Putting the beds to bed

The Deadheads cleaning up the North GardenFall garden clean-up is the subject of the week all over the world wide interweb! A conversation was started at Bliss over the merits of putting off the major clean-up until spring. Wildlife certainly benefits from a garden full of winter snack seedheads and hiding places left intact; some plants really appreciate holding onto their natural cold weather protection and the soil is better off undisturbed. The Rockettes plant 600 tulips in the North Garden

 

 

In a public garden there are other factors to consider in the fall. Blithewold’s gardens are open year-round and we have to make sure that they’re attractive to gaze upon even in the off seasons. If we had a constant blanket of snow starting now, we probably could let things go (ugh! perish the thought!) but we also do a lot of furniture moving in the fall and a-really-lot of bulb planting.

The Rock Garden is the one garden we let go a bit. We weed it and cover it in a pine needle blanket and save most of the felco action for spring. It’s off the beaten track in the winter, it’s pretty self-containedly tidy as it is and needs all the winter protection it can get (this is the garden that is occasionally covered in/surrounded by a high tide).

The North Garden is a different story and we spend several days putting it to bed in the fall. This week we took out annuals, tender perennials and dahlias and cut back things like phlox, baptisia, campanulas, asters and iris. We left the amsonia (for outstanding fall color), calamintha, nepeta (mostly – we will cut that back a little), caryopteris and ‘Rozanne’ geraniums (at least while they’re still blooming – they’re still blooming!). I do worry about the wildlife – we were able to rescue 3 praying mantis egg cases – but there’s hope that critters will retreat to the nearby Bosquet. Clearing the garden out in autumn gives us a chance to move perennials and we plant tulips where the annuals have just come out – that makes for easy placement and digging. We (and 3 Rockettes) planted 600 tulips in the North Garden this year!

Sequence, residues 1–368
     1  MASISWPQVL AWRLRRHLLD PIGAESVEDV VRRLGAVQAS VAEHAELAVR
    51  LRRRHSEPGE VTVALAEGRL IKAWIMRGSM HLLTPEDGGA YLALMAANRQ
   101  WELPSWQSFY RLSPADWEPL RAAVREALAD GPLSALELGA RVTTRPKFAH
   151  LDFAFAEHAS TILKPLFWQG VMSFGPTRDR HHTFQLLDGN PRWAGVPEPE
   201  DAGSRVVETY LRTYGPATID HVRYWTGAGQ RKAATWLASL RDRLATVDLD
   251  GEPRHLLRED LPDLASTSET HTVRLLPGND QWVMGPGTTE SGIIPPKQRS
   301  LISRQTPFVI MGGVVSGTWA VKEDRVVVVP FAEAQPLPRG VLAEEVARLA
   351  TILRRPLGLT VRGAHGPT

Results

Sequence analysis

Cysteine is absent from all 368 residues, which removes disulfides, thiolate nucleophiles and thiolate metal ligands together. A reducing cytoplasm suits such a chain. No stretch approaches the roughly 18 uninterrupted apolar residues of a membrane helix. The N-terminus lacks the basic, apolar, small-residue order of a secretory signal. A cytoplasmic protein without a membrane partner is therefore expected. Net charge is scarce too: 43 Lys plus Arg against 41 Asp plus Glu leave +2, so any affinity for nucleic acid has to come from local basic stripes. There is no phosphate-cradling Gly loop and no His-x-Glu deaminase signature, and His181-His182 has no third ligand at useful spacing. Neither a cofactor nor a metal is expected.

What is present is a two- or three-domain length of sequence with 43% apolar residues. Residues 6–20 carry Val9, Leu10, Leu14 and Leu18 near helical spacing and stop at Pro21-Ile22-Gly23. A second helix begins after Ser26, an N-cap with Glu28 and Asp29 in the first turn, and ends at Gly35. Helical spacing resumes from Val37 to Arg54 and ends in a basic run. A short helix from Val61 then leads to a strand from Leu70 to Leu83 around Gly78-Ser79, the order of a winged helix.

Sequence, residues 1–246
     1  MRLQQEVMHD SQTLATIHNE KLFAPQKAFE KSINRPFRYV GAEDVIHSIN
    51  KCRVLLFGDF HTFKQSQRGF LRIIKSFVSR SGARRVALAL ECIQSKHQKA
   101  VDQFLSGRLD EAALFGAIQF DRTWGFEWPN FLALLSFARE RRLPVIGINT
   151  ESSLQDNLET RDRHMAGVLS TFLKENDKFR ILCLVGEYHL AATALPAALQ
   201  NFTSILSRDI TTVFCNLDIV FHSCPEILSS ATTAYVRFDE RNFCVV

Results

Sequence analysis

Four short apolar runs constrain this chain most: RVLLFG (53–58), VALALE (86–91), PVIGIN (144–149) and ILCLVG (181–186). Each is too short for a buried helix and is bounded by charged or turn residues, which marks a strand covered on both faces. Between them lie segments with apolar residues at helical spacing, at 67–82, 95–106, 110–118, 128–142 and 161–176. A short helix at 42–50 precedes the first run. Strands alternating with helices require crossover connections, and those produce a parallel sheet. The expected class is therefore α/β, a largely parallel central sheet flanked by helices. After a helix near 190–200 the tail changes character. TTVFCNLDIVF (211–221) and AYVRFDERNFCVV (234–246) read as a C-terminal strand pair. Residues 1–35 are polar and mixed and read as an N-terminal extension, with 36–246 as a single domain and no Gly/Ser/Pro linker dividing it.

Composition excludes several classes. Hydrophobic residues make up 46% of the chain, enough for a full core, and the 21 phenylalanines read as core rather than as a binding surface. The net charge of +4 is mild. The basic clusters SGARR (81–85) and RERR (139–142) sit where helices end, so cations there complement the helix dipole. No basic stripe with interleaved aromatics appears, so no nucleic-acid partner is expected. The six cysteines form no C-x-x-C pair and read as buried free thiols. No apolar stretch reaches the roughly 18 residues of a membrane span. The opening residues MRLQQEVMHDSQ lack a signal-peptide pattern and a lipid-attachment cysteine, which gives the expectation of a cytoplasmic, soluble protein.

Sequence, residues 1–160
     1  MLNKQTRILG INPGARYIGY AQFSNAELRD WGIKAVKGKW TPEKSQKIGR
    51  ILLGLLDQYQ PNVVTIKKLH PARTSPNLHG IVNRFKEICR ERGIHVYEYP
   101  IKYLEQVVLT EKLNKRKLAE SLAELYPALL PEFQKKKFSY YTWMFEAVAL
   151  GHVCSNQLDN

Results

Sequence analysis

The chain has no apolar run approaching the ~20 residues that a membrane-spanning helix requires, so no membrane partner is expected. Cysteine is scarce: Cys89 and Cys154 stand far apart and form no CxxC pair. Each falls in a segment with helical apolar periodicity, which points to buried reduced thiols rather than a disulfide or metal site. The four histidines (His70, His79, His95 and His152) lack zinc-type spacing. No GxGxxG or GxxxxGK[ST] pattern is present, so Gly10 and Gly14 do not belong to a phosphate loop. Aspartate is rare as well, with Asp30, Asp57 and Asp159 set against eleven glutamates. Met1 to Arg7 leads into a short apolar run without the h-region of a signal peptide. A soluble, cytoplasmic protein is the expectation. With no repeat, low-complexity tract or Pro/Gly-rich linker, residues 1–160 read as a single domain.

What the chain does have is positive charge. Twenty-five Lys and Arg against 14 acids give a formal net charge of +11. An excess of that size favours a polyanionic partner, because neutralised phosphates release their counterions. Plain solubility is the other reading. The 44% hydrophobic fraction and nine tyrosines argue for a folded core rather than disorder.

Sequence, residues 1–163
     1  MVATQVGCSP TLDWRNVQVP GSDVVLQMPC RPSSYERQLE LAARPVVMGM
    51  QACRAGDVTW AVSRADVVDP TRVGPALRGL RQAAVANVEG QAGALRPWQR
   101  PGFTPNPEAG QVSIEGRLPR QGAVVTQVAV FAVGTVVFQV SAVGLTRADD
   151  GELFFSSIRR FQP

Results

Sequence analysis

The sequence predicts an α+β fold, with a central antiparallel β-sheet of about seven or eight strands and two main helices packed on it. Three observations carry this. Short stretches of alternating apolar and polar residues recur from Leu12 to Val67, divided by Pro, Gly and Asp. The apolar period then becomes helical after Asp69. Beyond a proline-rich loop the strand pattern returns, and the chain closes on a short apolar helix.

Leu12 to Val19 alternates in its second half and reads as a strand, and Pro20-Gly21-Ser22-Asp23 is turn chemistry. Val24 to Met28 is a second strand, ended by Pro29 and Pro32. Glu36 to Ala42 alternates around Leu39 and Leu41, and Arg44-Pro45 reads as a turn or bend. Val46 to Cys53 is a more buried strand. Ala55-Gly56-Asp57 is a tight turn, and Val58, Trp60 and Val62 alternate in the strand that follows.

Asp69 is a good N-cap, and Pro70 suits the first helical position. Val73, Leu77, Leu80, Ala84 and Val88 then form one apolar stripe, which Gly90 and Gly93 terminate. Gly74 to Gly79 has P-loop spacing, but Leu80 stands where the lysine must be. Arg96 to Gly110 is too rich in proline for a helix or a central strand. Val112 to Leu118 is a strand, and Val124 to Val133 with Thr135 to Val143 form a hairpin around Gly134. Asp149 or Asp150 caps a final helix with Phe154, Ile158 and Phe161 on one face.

Rose Garden before the annuals came outRose Garden after the annuals came outThis was the first year we had a lot of annuals in the Rose Garden. Visitors pass through that garden on the way to the mansion and it’s important that it be as aesthetically pleasing as possible every moment of every season. Melted annuals aren’t exactly a feast for the eyes so we took them out. But because we weren’t planting many bulbs in that garden we compromised a little and cut the plants off at the ground to leave a small feast (of roots) for the soil. I have to say though that cutting (hacking) through the remarkably woody stems of zinnias and heliotropes was not nearly as physically gratifying as ripping them out of the ground roots-n-all. Check out the size of the zinnia (Profusion Apricot) that Gail is holding: Last spring that plant was a 4″ seedling in a peat pot!

Gail and a full grown zinnia - that’s ONE plant!

We’ve still got a page-long list of ToDos for those gardens but I’ll save what’s next for another post. Meanwhile, what I wonder is, do you treat the public beds in your garden differently in the fall than you do the parts of your garden hidden from your neighbors’ gaze?

7 thoughts on “Putting the beds to bed

  1. Wow, what a huge clump of zinnia! I harvested a similar-sized “bouquet” of lemon basil a couple of days ago so I know of what you speak when you talk about hacking through thick stalks. I don’t think I managed to keep such a pretty smile on my face as Gail has, though–and the air might have been a little “blue” around me, I admit! :)